“Should Social Security and Medicare Be More Market-Based?”

Monday, March 04, 2013
Max L. Rowe Auditorium, College of Law Building
12:00 PM–1:00 PM

The University of Illinois College of Law Presents the Ann F. Baum Memorial Lecture on Elder Law.

Daniel Shaviro
Wayne Perry Professor of Taxation
New York University School of Law

Talk Description

Contemporary political debate about Social Security and Medicare often conflates the issue of the programs’ long-term fiscal sustainability with that of whether their design should be made more market-based, such as by transforming Social Security into a private accounts program and Medicare into a voucher-based program. In fact, the sustainability and design issues are fundamentally separate.

In his lecture, Professor Shaviro will assess the case for making the programs more market-based by using two main vehicles: (1) the model for understanding the programs’ main substantive features and rationales that offered in his books, Making Sense of Social Security Reform and Who Should Pay for Medicare?, and (2) Paul Samuelson’s classic description of Social Security as providing what we would now call an implicit financial instrument that reflects an intergenerational compact. 

Biography

Daniel Shaviro, the Wayne Perry Professor of Taxation at NYU Law School, is a graduate of Princeton University and Yale Law School. Before entering law teaching, he worked at Caplin & Drysdale, a leading tax specialty firm, and at the Joint Congressional Committee on Taxation. Shaviro began his teaching career at the University of Chicago Law School in 1987, and he joined the New York University School of Law in 1995. Shaviro’s scholarly work examines tax policy, budget policy, and entitlements issues.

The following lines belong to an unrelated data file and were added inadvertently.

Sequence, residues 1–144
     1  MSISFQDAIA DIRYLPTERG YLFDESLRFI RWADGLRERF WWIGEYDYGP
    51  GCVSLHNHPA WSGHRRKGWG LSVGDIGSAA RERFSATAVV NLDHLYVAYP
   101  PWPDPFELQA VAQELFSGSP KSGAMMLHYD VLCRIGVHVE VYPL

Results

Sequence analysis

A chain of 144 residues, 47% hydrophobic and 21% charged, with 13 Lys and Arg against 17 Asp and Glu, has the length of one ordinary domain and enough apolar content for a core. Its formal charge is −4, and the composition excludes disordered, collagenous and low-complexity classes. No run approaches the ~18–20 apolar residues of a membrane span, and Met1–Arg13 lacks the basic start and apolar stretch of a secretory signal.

His books include Decoding the U.S. Corporate Tax (Urban Institute Press, 2009), Taxes, Spending, and the U.S. Government’s March Toward Bankruptcy (Cambridge U. Press, 2006), Making Sense of Social Security Reform (U. Chicago Press, 2000), When Rules Change: An Economic and Political Analysis of Transition Relief and Retroactivity (U. Chicago Press, 2000), Do Deficits Matter? (U. Chicago Press, 1997). He is currently working on a book entitled Fixing the U.S. International Tax Rules. In addition to his scholarly work, Shaviro has published a novel, Getting It (iUniverse 2010), and he has a blog at danshaviro.blogspot.com.

 

Free Admission
Public Welcome 
Box lunches provided to attendees